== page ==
As Rumored, Apple Gives Record Labels Variable iTunes Pricing In Exchange For Ditching DRM

from the it's-something dept

As was rumored last night by Greg Sandoval at News.com, it appears that Apple has worked out a deal with the major record labels (being confirmed as I type) where they will give up DRM (which is the direction they've been moving towards anyway) in exchange for variable pricing of music -- which they've been salivating over for years. This has been a major source of contention between Apple and the record labels. Steve Jobs has stood firmly by the $0.99/song price, while the record labels specifically wanted to be able to price hit songs at higher prices. The dropping of DRM is nice, but hardly that surprising, given that pretty much every other online download store has been going DRM free. This just puts the final nail in the coffin for music DRM. One nice tidbit: you'll apparently be able to upgrade your older DRM'd purchases to make them DRM free. That's a good (and slightly surprising) move.

As for the pricing, there's now three tiers: $0.69, $0.99 and $1.29. Hit new songs will go for the higher price while older, less popular songs will have their prices drop. The announcement isn't that surprising, but it is definitely a shift. What will be worth watching is how this impacts sales. It really may depend on how the record industry plays this. If (as seems likely) they put too many songs in that high priced level, it's going to lead to backlash. However, if they really embrace that lower price, it could encourage more folks to download music. I also wonder if it will push competing music download stores, such as Amazon.com to lower its prices even further as well.

While this definitely is a shift from the way iTunes has always worked, in the end, it's really not a huge shift. The industry was moving in this direction anyway, and killing off DRM was long overdue. The variable pricing is the type of thing that the big record labels will likely screw up, but in the long run is probably a good thing. The $0.99 per song fee has always been too high, and accepting variable pricing will eventually lead to those prices decreasing (not increasing, as the industry expects).

Filed Under: drm, itunes, variable pricing
Companies: apple


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  1. identicon
    Anonymous Coward, 6 Jan 2009 @ 6:58pm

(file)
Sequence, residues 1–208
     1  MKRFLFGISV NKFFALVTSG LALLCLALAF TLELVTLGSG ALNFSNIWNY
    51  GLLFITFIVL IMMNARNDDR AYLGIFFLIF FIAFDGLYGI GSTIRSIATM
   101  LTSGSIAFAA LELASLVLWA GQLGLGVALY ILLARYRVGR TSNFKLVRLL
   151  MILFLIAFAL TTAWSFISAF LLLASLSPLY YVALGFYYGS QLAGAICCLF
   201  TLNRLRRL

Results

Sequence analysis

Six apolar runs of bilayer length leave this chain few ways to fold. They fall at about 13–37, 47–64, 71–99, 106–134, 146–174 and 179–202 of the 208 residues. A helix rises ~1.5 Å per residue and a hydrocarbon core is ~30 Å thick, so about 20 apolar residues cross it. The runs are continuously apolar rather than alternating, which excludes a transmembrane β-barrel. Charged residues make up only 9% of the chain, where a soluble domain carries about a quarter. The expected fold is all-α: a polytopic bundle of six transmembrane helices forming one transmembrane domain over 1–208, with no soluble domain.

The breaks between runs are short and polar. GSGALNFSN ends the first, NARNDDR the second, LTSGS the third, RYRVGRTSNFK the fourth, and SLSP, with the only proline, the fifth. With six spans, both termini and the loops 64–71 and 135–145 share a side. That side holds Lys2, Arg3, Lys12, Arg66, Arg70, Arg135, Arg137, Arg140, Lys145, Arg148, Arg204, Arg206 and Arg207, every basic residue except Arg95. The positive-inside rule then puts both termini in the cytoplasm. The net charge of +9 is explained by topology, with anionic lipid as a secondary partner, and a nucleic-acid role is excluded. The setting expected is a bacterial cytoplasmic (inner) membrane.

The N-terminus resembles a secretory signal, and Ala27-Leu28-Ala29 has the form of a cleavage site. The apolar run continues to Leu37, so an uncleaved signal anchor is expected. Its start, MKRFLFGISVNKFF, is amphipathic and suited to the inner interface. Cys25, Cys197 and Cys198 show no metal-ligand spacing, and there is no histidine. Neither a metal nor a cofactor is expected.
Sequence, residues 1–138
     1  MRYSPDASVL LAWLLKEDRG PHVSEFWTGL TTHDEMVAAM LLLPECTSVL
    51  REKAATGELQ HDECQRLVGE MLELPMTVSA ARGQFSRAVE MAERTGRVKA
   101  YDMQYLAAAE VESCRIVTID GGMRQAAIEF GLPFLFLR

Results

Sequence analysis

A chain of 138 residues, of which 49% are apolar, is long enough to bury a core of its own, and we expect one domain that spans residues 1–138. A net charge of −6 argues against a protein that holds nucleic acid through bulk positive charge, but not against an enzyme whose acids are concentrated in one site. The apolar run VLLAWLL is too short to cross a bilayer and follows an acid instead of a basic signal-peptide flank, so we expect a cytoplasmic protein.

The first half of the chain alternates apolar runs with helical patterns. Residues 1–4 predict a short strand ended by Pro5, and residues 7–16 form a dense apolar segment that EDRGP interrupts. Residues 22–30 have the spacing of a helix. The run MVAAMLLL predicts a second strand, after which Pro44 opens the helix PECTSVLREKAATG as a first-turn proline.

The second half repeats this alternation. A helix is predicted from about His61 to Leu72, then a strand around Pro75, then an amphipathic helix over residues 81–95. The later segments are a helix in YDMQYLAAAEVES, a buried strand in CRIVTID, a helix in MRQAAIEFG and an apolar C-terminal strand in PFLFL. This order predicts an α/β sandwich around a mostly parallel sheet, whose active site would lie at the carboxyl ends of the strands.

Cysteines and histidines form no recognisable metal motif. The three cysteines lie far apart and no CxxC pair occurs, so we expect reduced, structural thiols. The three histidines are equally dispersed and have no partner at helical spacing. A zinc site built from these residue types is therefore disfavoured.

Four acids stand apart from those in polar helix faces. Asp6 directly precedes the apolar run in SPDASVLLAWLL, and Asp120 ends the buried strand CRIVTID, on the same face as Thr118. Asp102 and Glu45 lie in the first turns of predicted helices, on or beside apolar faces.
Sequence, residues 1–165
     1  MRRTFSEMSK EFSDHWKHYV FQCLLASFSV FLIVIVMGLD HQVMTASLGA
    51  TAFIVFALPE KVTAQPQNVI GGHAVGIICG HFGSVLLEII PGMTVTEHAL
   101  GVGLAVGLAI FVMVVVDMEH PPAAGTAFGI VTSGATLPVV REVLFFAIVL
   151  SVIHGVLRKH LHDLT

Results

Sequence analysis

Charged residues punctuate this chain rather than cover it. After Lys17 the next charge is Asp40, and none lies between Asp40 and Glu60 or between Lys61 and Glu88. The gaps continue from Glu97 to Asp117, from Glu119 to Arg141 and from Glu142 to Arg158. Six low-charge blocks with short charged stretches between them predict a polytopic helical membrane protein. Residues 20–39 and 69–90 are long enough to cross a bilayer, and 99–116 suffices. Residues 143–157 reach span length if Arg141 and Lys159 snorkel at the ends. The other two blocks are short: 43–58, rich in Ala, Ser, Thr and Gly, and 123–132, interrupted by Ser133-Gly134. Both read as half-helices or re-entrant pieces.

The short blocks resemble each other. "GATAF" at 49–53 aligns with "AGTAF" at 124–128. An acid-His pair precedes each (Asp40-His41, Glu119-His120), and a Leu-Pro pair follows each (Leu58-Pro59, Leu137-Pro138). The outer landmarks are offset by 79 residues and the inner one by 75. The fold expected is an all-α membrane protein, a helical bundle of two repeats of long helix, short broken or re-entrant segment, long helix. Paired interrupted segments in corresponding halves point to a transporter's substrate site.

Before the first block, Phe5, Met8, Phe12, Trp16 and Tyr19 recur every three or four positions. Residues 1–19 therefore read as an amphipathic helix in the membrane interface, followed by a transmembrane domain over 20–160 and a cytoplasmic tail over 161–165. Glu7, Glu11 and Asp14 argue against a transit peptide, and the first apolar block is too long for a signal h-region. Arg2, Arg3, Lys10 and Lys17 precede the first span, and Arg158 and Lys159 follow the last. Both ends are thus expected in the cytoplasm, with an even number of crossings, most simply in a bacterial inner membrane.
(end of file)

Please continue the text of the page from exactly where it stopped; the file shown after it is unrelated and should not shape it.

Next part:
@ techdirtReader

    If I had to venture a guess, I'd say music is best served attached to some sort of visual content. This could be that music you listened to while cranking out a 35 page document over a weekend while your significant other whined about going out, the music you listened to while waiting in traffic, or that which you listen to at a movie.

    But unless your some sort of a music director on a major production and need to "cast" music to some sort of content, there really is no "thrill of the hunt" in an all-you-can-eat strategy. If I was to venture a guess, most customers first fill their new PMP with music that they like, are familiar with, and probably want to become acquainted with an artist's full repertoire. They probably use all-you-can-eat services to listen to music they've already purchased in the past. Should they then "rent" music they already purchased?

    The end result of All-You-Can-Eat is similar to that of eating at a Chinese Buffet: the customer becomes inundated with lots of stuff. Some of it is good, some bad, all served with a lot of MSG (DRM), but nothing stands out because it lacks an connection to their personal reality.

    At the end of the day, an astute customer will end up going back to that one tasty restaurant that may cost more, but they are specialized in the area and push the art form forward. El Gaucho comes to mind.

    Put simply, Nordstrom Service can't compete with WalMart Prices. Trying to compare the two can be the issue of many debates. But those that shop at Nordstrom don't go there for the price but for the overall experience. "Yes" I want to buy this. But overall, considering that Apple has a 160M user advantage, I wish you luck in the new year with changing consumer behavior.

    The song which I was listening to while writing this can be acquired here.

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